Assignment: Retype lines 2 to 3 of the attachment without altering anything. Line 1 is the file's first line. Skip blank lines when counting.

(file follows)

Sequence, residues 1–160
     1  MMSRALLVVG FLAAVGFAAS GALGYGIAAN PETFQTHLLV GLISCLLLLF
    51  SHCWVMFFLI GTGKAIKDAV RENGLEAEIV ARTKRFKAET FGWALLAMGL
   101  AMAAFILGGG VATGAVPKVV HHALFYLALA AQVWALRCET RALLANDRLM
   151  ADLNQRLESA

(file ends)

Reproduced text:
     1  MMSRALLVVG FLAAVGFAAS GALGYGIAAN PETFQTHLLV GLISCLLLLF
    51  SHCWVMFFLI GTGKAIKDAV RENGLEAEIV ARTKRFKAET FGWALLAMGL